Advertisement

THE STATE | THE RECALL CAMPAIGN

National Conservative Groups Warm Up to Schwarzenegger

Republican Leadership Council has endorsed him, and anti-tax groups are courting, hoping he'll take a definitive stance on their issue.

August 24, 2003|Ronald Brownstein | Times Staff Writer

WASHINGTON — After initial skepticism, some national conservative and Republican groups are cautiously warming to Arnold Schwarzenegger's bid for the California governorship.

One national GOP group endorsed Schwarzenegger last week and said it would air television ads in California to help his candidacy. Radio host Rush Limbaugh, a leading voice among conservatives, lavishly praised Schwarzenegger on his Web site late last week, after having questioned the actor's conservative credentials. And national anti-tax groups, such as the influential Americans for Tax Reform, are pledging to intervene on Schwarzenegger's behalf if he solidifies his opposition to new taxes.

Although national conservative groups at first remained aloof from the bid to oust California Gov. Gray Davis, their leaders increasingly view the recall as an opportunity to generate momentum heading into next year's congressional and presidential voting.

"It will set a tone for next year," said Grover G. Norquist, president of Americans for Tax Reform and a leading conservative strategist.

Support from national conservative leaders could help Schwarzenegger blunt the efforts by state Sen. Tom McClintock to drive GOP voters away from the actor by portraying him as insufficiently conservative. After Saturday's withdrawal by Bill Simon Jr., McClintock is the most conservative Republican remaining in the race.

The risk for Schwarzenegger and the conservative groups is that a heightened role by these activists would play into Davis' effort to frame the recall as a "right-wing power grab." In a speech at UCLA last week, Davis called the contest "part of an ongoing effort to steal elections Republicans cannot win."

Both California and national Republicans vigorously deny that the recall is part of a larger national strategy. And recall supporters in California note that many national Republicans kept their distance when Rep. Darrell E. Issa (R-Vista) provided crucial financing to help qualify the effort for the ballot.

Although the California Republican Party eventually came on board, the Republican National Committee has not provided any resources for the recall or endorsed it. Said RNC Chairman Ed Gillespie: "This is something for the voters of California to decide for themselves."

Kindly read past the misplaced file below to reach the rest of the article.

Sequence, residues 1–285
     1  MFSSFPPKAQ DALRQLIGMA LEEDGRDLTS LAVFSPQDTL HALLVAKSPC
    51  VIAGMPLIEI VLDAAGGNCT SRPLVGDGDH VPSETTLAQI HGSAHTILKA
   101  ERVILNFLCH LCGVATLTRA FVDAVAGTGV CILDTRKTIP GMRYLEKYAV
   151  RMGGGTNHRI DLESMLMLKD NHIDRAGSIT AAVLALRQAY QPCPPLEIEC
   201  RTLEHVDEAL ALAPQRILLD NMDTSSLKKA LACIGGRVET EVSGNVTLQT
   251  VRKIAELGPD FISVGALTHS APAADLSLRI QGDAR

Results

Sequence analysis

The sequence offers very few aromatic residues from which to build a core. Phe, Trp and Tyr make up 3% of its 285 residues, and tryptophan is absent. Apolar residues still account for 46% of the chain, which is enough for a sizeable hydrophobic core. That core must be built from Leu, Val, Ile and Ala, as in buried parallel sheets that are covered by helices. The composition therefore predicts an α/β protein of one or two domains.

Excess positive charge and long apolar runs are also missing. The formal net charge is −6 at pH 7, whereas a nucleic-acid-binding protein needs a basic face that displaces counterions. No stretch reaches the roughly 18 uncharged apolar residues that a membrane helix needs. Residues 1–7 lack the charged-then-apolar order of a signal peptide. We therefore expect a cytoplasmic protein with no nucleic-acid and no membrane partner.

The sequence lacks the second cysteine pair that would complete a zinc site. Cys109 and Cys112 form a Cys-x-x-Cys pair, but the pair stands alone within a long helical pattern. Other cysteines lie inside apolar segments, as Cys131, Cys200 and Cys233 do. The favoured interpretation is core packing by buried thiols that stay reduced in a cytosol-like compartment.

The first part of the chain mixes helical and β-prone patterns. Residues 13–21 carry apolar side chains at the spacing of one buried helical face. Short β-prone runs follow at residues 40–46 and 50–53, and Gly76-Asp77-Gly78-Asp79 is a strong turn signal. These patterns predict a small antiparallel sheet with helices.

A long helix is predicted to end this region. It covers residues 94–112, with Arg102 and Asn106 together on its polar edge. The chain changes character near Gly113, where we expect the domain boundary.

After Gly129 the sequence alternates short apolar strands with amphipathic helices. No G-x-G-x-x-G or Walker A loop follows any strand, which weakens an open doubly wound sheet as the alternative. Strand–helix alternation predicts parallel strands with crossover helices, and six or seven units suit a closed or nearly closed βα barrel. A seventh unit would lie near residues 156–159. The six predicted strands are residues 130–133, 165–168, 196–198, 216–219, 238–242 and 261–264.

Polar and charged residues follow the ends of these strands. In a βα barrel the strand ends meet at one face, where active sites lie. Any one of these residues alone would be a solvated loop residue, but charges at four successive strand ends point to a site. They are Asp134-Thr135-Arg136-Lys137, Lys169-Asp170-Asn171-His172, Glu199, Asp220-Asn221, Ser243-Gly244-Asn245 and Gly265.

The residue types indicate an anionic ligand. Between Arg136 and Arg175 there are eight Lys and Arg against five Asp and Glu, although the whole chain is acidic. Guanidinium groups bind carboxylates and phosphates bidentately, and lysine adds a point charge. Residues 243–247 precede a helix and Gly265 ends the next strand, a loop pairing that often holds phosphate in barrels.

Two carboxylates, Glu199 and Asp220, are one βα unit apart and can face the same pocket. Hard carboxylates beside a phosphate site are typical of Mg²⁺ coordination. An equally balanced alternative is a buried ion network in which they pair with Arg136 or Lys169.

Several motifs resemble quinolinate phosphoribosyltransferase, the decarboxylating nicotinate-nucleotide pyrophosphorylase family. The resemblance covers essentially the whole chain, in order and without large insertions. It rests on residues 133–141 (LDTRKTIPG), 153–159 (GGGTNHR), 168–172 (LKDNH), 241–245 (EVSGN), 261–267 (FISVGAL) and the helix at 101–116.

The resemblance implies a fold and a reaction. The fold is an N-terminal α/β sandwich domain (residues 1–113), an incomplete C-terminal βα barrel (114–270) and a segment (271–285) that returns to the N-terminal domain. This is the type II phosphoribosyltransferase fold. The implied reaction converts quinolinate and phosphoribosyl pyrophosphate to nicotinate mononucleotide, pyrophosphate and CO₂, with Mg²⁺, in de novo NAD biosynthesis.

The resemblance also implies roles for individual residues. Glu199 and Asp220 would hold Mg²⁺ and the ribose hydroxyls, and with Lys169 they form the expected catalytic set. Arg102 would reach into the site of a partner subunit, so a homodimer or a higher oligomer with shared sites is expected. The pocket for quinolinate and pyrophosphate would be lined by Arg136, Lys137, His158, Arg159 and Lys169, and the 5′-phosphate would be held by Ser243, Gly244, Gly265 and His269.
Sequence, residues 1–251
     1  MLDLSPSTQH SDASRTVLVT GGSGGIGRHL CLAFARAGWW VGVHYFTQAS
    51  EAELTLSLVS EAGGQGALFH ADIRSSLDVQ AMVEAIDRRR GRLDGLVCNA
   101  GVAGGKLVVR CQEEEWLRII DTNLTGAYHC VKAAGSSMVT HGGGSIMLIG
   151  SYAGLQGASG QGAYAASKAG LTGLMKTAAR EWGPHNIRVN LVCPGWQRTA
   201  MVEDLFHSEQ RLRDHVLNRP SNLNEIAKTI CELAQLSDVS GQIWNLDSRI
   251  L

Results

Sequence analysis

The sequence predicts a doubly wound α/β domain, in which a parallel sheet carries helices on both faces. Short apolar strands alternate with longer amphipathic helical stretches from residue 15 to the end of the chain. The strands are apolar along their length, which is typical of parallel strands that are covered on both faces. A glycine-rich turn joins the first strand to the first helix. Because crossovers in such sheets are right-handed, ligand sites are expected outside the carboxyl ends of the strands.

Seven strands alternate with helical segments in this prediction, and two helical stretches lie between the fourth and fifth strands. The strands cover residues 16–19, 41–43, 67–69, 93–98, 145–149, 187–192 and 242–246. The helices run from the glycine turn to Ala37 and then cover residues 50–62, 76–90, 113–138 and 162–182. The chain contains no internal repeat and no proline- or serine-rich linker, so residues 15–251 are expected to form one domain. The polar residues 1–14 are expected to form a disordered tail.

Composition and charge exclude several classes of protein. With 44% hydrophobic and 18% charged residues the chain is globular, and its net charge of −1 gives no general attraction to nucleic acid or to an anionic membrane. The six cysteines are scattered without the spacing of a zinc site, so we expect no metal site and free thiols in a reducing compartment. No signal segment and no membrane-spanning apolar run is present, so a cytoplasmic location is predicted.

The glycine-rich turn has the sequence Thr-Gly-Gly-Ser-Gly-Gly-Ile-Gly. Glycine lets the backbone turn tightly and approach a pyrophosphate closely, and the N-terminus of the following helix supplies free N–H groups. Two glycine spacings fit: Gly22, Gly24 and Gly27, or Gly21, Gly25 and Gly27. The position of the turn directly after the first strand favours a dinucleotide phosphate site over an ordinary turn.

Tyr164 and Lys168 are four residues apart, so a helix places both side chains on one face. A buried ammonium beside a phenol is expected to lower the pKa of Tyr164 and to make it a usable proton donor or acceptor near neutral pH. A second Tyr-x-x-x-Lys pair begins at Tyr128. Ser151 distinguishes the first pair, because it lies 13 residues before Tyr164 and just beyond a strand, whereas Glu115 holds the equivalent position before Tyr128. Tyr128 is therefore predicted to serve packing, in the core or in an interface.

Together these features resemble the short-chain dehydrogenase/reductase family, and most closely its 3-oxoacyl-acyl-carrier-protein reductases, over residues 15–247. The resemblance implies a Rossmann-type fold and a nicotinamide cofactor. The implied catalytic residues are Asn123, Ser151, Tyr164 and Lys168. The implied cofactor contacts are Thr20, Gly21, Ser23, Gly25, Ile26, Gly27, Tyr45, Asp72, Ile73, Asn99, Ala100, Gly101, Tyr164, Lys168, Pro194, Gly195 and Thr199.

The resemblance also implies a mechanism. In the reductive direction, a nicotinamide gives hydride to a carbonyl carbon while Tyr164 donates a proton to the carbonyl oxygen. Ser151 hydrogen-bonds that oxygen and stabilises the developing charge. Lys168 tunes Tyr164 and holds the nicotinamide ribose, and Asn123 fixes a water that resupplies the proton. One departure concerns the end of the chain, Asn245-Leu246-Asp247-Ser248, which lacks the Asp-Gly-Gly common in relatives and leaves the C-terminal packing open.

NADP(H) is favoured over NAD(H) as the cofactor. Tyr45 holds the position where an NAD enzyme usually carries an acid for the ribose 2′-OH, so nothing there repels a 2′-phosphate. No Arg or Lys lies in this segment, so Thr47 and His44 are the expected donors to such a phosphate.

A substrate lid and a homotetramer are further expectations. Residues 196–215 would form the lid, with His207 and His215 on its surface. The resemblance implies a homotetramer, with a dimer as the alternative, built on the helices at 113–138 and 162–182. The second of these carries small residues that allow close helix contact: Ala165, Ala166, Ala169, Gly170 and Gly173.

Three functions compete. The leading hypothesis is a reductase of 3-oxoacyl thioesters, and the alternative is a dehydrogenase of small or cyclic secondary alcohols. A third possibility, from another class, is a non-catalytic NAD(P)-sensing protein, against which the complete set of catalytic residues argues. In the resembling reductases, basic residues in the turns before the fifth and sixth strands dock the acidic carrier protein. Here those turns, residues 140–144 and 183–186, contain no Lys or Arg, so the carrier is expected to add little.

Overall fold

Other than a single comment praising Schwarzenegger as a potential governor, President Bush has avoided public comment on the recall.

Yet as polls show Davis vulnerable and Schwarzenegger emerging as a possible successor, national Republican and conservative groups are moving toward more direct involvement in the race.

The most tangible national GOP assistance to Schwarzenegger came when he received an endorsement from the Republican Leadership Council on Monday. Founded in 1997, the council urges the GOP to take conservative views on economic issues but moderate positions on social issues -- a profile similar to Schwarzenegger's own.

Rich Galen, the group's senior communications advisor, said it plans to run ads supporting Schwarzenegger if lawyers determine that is allowable under California campaign law. If they determine it is not permissible to directly back Schwarzenegger, the group will fund ads supporting the recall, he said.

Either way, Galen said, "we will also be urging our members and supporters who live in California to take an active role in Arnold's campaign."

Social conservative groups have generally remained aloof from the race, in part because of Schwarzenegger's support for legalized abortion.

"Right now, everybody is just watching and waiting," said Keith Appell, a public relations consultant for several social conservative groups.

But anti-tax and anti-spending conservative organizations are considering a role in the recall campaign. Schwarzenegger's camp has been negotiating for support from the Club for Growth, a leading conservative political action committee, as well as the large network of groups that revolve around Norquist's Americans for Tax Reform organization.

Norquist said that for Schwarzenegger, the key to gaining broader conservative support will be hardening his stand against new taxes. At a news conference Wednesday, Schwarzenegger came out strongly against taxes as a means to solve the state's budget shortfall but said he could not rule out tax increases to meet emergencies such as earthquakes.

Norquist is pressing Schwarzenegger to sign a pledge the group promotes that commits politicians not to support any net increase in taxes. "I think over the next week or so we'll see whether Arnold succeeds or fails in nailing down that he is not going to raise taxes," Norquist said. "Should he do that, then I think you will see a coming together around his campaign, and then you will see both Republicans and conservatives getting excited in California and nationally."

Advertisement
Los Angeles Times Articles
|
|
|